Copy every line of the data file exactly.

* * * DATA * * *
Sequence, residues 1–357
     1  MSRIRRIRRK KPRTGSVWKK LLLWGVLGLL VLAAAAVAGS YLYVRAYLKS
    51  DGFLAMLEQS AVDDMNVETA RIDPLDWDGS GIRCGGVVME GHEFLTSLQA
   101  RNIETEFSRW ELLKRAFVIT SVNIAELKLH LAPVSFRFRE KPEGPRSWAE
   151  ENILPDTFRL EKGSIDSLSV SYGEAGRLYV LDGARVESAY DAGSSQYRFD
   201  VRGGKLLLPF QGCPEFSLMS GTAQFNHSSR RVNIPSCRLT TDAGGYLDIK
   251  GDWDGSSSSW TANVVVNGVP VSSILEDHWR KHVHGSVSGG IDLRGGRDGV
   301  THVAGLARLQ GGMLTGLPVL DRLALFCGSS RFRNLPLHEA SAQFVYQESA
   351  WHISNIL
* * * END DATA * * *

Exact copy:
Sequence, residues 1–357
     1  MSRIRRIRRK KPRTGSVWKK LLLWGVLGLL VLAAAAVAGS YLYVRAYLKS
    51  DGFLAMLEQS AVDDMNVETA RIDPLDWDGS GIRCGGVVME GHEFLTSLQA
   101  RNIETEFSRW ELLKRAFVIT SVNIAELKLH LAPVSFRFRE KPEGPRSWAE
   151  ENILPDTFRL EKGSIDSLSV SYGEAGRLYV LDGARVESAY DAGSSQYRFD
   201  VRGGKLLLPF QGCPEFSLMS GTAQFNHSSR RVNIPSCRLT TDAGGYLDIK
   251  GDWDGSSSSW TANVVVNGVP VSSILEDHWR KHVHGSVSGG IDLRGGRDGV
   301  THVAGLARLQ GGMLTGLPVL DRLALFCGSS RFRNLPLHEA SAQFVYQESA
   351  WHISNIL